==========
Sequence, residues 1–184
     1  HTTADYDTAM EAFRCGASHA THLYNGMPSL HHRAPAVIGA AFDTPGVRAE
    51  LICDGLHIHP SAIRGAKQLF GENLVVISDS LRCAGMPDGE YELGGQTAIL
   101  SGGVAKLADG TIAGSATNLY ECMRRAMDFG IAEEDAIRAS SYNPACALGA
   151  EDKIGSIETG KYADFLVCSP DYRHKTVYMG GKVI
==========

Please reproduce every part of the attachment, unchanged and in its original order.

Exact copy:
Sequence, residues 1–184
     1  HTTADYDTAM EAFRCGASHA THLYNGMPSL HHRAPAVIGA AFDTPGVRAE
    51  LICDGLHIHP SAIRGAKQLF GENLVVISDS LRCAGMPDGE YELGGQTAIL
   101  SGGVAKLADG TIAGSATNLY ECMRRAMDFG IAEEDAIRAS SYNPACALGA
   151  EDKIGSIETG KYADFLVCSP DYRHKTVYMG GKVI